Self-taught scientist and inventor brings 150 jobs to Sugar Land


A New York-based producer of sleep and home comfort products, Soft-Tex International’s new Sugar Land facility will be a game-changer for the industry, said Mark Smiderle, director of Soft-Tex.

Described as their “mad scientist and brilliant inventor” by his colleague Taylor Jones – vice president of marketing and e-commerce at Soft-Tex – Smiderle is the creator of Reactex, the company’s patented thermoregulation technology.

A few months after opening his store in Sugar Land, the self-taught Ontarian is happy to share his journey with the inhabitants of his new city.

“I am a worker, I have no formal education and I have not completed my high school education. I’m just really good at making things up, ”Smiderle said. “I am an entrepreneur at heart. I was born a little different. I don’t read or write very well, but I can do complex calculations and I can see why physics works. I got really good at surrounding myself with people who could take what I could see and build things.

As Smiderle aims to relocate supply chains and address the lack of innovation around U.S. home textiles, its primary motivation is to create more jobs.

“My mission is to create jobs,” he said. “This is the legacy I want to leave. I want to give people meaningful jobs. And so, whoever is willing to work, okay, I want to help give them a future and the way to do that is to repatriate the supply chain.

Growing domestic footprint

The 170,000 square foot state-of-the-art manufacturing facility in the Covington Woods area of ​​Sugar Land is expected to double Soft-Tex’s production capacity and create 150 new jobs during 2021.

“As promised, Soft-Tex has delivered and now continues to expand its commitment to increase its national footprint,” said Smiderle.

Soft-Tex began manufacturing its fiber-filled products at the factory in June. There are three ways to fill pillows and bedding with man-made fibers – garnet, blow fill, and moss – explained Smiderle. Garnet pillows are inserted with a roll of polyester fiber, while blown pillows contain loose synthetic fibers. The relatively newer foam filling method involves pouring a mixture of liquid urethane into pillow or cushion shaped molds. The liquid mixture expands and solidifies into a comfortable pillow.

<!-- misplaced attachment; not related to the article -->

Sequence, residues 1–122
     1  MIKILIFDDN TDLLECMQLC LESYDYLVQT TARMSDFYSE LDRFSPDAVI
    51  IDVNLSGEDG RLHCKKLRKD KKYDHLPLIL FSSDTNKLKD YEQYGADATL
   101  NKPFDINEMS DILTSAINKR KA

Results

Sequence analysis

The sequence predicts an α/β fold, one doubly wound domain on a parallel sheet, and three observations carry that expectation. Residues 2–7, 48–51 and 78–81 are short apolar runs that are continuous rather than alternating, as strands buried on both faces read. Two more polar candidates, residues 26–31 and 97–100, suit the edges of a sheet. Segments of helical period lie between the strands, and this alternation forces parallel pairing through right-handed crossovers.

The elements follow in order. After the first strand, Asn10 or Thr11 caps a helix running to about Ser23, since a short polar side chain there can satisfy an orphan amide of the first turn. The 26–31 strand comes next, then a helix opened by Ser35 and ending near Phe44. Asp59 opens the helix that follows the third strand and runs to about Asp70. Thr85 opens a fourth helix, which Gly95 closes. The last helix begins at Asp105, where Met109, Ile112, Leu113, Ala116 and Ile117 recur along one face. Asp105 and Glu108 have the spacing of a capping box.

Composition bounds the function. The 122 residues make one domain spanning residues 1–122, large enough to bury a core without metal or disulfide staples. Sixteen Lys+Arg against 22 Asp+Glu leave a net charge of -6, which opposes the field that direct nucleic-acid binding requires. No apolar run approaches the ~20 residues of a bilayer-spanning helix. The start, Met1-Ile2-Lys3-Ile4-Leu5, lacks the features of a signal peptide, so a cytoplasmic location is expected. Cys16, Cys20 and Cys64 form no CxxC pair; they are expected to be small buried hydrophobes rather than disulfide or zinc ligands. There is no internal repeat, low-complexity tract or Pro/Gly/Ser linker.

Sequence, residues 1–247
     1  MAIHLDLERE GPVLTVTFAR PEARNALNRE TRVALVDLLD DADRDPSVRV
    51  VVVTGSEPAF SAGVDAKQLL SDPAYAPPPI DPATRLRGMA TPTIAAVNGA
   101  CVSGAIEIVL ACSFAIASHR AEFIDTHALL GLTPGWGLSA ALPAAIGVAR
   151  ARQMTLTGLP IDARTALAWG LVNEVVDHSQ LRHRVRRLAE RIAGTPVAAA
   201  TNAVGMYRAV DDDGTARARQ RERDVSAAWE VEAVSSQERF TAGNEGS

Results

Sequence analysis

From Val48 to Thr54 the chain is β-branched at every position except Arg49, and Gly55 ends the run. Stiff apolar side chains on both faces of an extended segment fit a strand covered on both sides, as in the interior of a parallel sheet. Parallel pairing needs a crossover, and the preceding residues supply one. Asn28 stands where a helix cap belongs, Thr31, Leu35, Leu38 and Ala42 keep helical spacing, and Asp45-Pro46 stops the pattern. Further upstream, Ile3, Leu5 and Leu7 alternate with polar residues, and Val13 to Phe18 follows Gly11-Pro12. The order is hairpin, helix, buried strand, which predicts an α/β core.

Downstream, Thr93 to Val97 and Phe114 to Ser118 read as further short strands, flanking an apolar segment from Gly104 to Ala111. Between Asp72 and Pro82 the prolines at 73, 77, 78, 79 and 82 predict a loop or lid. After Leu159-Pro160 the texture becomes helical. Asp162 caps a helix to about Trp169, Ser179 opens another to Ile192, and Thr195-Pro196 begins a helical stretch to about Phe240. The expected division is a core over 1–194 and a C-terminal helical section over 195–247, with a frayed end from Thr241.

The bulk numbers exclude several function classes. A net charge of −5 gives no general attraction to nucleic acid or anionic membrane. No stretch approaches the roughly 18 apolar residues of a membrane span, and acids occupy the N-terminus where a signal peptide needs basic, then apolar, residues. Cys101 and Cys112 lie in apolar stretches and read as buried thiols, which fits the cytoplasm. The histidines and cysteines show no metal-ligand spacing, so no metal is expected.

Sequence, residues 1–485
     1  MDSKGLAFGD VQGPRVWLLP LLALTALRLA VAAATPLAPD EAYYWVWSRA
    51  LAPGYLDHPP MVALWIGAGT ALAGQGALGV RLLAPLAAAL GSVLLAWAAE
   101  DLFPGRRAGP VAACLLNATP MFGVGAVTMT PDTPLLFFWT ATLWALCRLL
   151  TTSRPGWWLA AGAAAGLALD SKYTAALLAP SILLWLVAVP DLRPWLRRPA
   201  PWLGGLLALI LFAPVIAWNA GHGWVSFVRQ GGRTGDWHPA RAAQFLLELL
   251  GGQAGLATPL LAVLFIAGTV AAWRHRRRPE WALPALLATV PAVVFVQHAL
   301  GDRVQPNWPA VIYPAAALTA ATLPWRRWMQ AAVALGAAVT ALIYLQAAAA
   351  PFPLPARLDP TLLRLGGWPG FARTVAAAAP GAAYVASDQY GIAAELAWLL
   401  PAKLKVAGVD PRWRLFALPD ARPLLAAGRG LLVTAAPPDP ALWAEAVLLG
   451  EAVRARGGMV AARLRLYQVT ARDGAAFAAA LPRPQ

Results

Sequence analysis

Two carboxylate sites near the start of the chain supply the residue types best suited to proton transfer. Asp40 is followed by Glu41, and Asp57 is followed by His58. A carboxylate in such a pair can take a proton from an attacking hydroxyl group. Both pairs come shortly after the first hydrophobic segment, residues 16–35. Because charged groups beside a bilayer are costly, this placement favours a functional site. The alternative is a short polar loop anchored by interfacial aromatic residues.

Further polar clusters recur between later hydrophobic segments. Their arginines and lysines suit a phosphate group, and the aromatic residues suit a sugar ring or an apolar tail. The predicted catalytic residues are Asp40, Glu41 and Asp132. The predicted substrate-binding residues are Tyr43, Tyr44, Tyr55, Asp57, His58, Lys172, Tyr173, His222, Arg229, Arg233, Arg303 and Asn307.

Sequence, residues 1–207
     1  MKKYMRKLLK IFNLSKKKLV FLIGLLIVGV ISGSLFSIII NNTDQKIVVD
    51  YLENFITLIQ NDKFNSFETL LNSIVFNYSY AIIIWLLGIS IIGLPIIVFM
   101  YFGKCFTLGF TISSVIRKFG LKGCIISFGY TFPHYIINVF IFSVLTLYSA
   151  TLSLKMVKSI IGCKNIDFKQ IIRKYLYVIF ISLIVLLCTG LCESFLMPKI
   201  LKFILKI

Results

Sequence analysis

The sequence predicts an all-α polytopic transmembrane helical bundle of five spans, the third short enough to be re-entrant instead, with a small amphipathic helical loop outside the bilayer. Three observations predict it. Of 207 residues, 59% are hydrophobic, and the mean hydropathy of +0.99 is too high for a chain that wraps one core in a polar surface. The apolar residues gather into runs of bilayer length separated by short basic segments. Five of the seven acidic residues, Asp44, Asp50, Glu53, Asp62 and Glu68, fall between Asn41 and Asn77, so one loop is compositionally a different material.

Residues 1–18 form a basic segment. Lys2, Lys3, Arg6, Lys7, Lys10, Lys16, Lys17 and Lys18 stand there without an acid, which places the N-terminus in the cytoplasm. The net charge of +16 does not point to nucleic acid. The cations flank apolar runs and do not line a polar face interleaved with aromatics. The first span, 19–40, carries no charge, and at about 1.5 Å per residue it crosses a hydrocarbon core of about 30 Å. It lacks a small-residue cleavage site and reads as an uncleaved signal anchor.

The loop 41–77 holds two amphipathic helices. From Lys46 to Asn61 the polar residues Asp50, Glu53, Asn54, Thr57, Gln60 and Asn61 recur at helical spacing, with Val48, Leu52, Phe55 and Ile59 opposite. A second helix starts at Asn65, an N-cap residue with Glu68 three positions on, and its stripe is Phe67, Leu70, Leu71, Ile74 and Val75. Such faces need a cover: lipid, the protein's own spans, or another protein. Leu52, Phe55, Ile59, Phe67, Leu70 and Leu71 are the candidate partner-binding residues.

“We import 1 million pillows (from China),” Smiderle said. “And we’re going to be able to pour 1 million pillows by the end of the year.”

Manufacturing was virtually impossible in the United States due to a lack of infrastructure and the market’s reliance on low costs, Smiderle said.

“The way to fight that is to put the technology into the thing and add value to it, so people take the plunge,” he said.

Smiderle got involved with Soft-Tex three years ago, when the bedding and home textile company expressed interest in commercializing Reactex, which Smiderle created in its workshop.

Reactex bedding products are designed to create a temperature-controlled sleep environment. Self-recharging technology stores and releases heat. The Reactex technology portfolio includes over 100 patents and patents pending.

“I said (to Soft-Tex) that’s what we’re going to do, I’m going to merge with the company, I’m going to take over and share the company with you,” Smiderle said. “And we’re not going to be a bedding company anymore. We are going to be an innovative company.

The Sugar Land installation

The innovation includes building more manufacturing units as well as a bold plan to reverse the flow of goods.

“What we’re building here in Sugar Land, we’re going to replicate across the country,” Smiderle said. “We actually opened an office in Belgium, because I can actually export from Belgium to China and I want to reverse the flow of goods from Belgium to China. “

The company plans to build two more facilities in the United States, but has yet to choose their locations.

Soft-Tex chose Sugar Land for its second installation because of its strategic location. The new high-efficiency facility can produce around 445 pillows per hour, Smiderle said.

“We think we did something right,” Smiderle said with a smile. “And I think that’s going to continue to fuel the system and create jobs.”

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